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Red Stag, by Jim Beam

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So the folks at Jim Beam have just released Red Stag, which is essentially Jim Beam 80-proof Bourbon infused with Black Cherry flavor.

Legally, it is not "Bourbon", since Bourbon cannot have anything added to it after distillation, except water, but it can be called "flavored Bourbon". (I know, I know, splitting hairs, but still...)

I've been reading about this for months. Noted American whiskey authority Chuck Cowdery initially said that this product was either completely insane or genius, he couldn't decide which.

I'm trying it right now. Drinking it straight, it has all of the harshness of Jim Beam, with a little treacly-sweet cherry flavor, to me. Mixed with Coca-Cola, it is rather pleasant. It might make for an interesting Manhattan shortcut for someone who eschews rye for their Manhattans. Not bad, not bad at all, but not something that I, personally, find really appealing.

I like that they gave it it's own name, to establish a new identity, rather than being lazy and calling it Jim Beam Black Cherry, or something along those lines. It's a dignified product.

If you are a hard-core Bourbon enthusiast as I am, well, this product isn't aimed at "us". Rather, it's a "gateway" or entry-level product designed to appeal to the non-traditional Bourbon drinker.

I'm sold, though. I honestly believe that there is a place in the market for this. If you're curious to try it, I'm sure that Bourbon in Adams-Morgan and Glover Park will be places where you can try a taste.

If you are a Jim Beam buyer, you may purchase a 750ml bottle of Jim Beam 4-yr Bourbon with a 50ml "hitchhiker" bottle on the neck at no extra cost.

From the AP (via HuffingtonPost):

CLERMONT, Ky. — Bourbon drinkers have been mixing Jim Beam for years. Now, the maker of the world's top-selling bourbon is too.

Part of Illinois-based Fortune Brands Inc., Beam is preparing a national rollout of Red Stag, a specialty whiskey that infuses natural black cherry flavors into 4-year-old bourbon.

Even brand ambassador Fred Noe, a great-grandson of Jim Beam, sees the tinkering with a time-tested Kentucky tradition as a positive way to lure new customers.

"The bourbon purists might think it's a little too sweet," Noe said during an event touting Red Stag at Beam's Clermont distillery in central Kentucky. "But for somebody who is not a big fan of bourbon, this may be an opportunity for them to enjoy bourbon in a little different way."

The 80-proof Red Stag by Jim Beam, as the product is formally called, is being billed as Beam's biggest rollout since the launch of Jim Beam black label bourbon more than a decade ago. Shipments start June 1 after about a year and a half in development.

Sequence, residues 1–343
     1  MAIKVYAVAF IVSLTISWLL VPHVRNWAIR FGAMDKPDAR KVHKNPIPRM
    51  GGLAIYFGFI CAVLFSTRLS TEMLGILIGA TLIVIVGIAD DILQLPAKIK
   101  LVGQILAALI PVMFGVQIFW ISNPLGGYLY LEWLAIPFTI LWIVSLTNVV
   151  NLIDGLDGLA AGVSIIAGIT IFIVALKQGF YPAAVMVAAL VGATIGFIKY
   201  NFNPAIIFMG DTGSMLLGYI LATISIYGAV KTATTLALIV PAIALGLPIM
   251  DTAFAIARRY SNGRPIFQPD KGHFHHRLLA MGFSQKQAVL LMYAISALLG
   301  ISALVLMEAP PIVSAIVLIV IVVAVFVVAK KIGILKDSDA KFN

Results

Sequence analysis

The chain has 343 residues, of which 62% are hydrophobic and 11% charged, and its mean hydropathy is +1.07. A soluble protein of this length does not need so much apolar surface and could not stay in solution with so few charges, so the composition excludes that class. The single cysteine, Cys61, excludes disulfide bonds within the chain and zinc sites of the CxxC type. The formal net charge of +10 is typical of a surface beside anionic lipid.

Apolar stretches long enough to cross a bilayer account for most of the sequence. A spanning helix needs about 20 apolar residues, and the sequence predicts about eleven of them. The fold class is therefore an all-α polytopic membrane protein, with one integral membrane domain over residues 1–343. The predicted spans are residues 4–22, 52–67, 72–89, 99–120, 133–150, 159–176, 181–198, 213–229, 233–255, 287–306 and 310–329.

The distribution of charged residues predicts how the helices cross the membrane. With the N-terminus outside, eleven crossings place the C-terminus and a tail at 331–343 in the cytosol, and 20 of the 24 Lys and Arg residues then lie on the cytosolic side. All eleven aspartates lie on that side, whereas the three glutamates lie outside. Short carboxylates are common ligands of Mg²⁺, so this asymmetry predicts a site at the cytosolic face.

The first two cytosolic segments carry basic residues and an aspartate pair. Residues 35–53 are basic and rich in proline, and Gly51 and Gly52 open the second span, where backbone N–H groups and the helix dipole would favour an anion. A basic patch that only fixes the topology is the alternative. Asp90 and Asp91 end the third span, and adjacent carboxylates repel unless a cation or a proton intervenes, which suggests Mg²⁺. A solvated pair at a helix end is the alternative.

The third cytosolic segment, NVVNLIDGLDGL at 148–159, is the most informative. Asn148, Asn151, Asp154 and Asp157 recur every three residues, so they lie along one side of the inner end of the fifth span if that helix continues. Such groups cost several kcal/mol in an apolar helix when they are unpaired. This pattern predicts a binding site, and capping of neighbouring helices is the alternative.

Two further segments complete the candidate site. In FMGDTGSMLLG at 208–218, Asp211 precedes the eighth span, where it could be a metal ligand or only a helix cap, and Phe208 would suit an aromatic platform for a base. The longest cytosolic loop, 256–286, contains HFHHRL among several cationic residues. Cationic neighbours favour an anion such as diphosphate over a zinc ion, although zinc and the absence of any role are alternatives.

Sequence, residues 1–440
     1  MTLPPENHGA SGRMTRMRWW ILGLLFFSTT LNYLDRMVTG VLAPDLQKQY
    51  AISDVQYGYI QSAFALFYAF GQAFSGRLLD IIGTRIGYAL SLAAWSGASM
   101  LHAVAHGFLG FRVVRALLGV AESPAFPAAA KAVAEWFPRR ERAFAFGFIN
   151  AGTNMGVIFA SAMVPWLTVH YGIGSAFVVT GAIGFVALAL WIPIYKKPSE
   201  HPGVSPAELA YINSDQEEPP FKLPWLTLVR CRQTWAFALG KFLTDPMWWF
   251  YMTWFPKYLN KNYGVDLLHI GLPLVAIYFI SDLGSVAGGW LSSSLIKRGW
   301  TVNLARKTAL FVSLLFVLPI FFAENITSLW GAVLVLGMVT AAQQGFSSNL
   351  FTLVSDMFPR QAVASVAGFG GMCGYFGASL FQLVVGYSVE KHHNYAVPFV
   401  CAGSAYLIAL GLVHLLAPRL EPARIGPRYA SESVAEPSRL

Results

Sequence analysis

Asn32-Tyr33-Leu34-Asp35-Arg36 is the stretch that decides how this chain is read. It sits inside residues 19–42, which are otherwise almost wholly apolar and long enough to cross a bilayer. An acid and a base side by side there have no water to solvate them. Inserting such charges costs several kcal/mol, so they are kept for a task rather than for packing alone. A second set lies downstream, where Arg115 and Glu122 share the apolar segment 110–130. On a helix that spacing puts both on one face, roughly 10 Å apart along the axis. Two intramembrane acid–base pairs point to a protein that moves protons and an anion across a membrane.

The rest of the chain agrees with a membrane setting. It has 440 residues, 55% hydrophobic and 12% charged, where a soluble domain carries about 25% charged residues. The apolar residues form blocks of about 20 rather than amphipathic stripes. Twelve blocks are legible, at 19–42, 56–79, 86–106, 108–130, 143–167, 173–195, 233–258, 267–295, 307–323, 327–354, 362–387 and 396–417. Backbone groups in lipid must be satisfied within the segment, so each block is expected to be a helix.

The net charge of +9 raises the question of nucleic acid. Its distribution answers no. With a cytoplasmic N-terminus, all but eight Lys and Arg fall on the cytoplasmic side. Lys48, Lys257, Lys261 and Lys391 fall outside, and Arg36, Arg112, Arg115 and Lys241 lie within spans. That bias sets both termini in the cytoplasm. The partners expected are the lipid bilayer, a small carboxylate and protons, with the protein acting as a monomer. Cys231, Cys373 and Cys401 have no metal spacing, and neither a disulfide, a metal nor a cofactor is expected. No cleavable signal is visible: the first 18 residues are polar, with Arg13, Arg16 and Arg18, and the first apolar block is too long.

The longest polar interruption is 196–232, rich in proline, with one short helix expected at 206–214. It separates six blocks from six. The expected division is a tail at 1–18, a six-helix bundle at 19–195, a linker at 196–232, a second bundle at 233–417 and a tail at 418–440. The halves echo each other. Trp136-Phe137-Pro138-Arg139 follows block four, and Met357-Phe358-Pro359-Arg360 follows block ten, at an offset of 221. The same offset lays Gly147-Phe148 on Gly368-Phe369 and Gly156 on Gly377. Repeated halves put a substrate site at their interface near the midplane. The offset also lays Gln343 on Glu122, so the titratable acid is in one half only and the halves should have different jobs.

Chuck Cowdery, an American whiskey writer and author of "Bourbon, Straight," likes the taste.

"I think the quality of the infusion, the depth of the flavors is pretty sophisticated," he said. "It doesn't taste like they threw some flavor house cherry flavor in there."

The product could appeal to younger consumers who may prefer bourbon in cocktails rather than straight up, he said.

Beam joins other Kentucky bourbon makers that already flavor their standbys.

Heaven Hill Distilleries Inc., which plans to mix honey flavoring into its popular Evan Williams bourbon and call it Evan Williams Honey Reserve, come September, has offered Evan Williams Holiday Egg Nog in season since the early 1990s, spokesman Larry Kass said.

Wild Turkey's American Honey, a liqueur blended with honey and Wild Turkey bourbon, has been gaining sales the past couple of years, said Eddie Russell, Wild Turkey's associate distiller. But he said it's premature to predict a craze.

And Adam Graber, senior brand manager for Jim Beam, agreed.

"There's probably one or two other flavors that make sense in that category," he said, not divulging those other flavors. `But I don't see it exploding like a flavored rum or a flavored vodka."

Graber said Beam will be "fairly conservative" marketing Red Stag, with the biggest promotional push a sponsorship of Kid Rock's summer concert tour. Red Stag has a suggested retail price of $17.99 for a 750-millileter bottles.

For other views on Red Stag, just Google around, you'll find plenty of blog posts from people who've gotten to try it already.

John Hansell, editor of The Malt Advocate, had some interesting serving suggestions:

Jim Beam will be debuting a new bourbon product in June. It’s called Red Stag, and it’s described as “Kentucky straight bourbon whiskey infused with natural flavors.” (While the label doesn’t identified it as such, the closest category I would put it in is “liqueur.”) The label states “Black Cherry” as the main flavor. It’s bottled at 40% ABV.

I was on the list of writers to get an advanced review bottle. I got it yesterday and tried it informally last night. (It was my companion while watching two hours of “24″ on TV. There certainly were plenty of commercials for me to contemplate what I was drinking.)

I like the fact that the bourbon notes come through very clearly. The black cherry flavors married nicely with the bourbon notes. It’s too sweet to drink neat. I enjoyed it on the rocks, which helped to cut through some of the sweetness.

I also tried it once with a a bit of lemon juice, which also helped to tone down the sweetness. Then, I tried it with a dash of bitters to make my own pseudo-Manhattan, which I also enjoyed. (Like I said, there were a lot of commercials, so Red Stag kept me entertained.)

Bottom line here: I like it. And if you don’t have a sweet tooth, you can control the sweetness by adding bitters or lemon (or some other citrus-based juice) as you see fit. It’s a nice change of pace.

If I’m lucky, maybe I’ll get to drizzle some on vanilla ice cream tonight. (Pretty please, with a Red Stag on top!)

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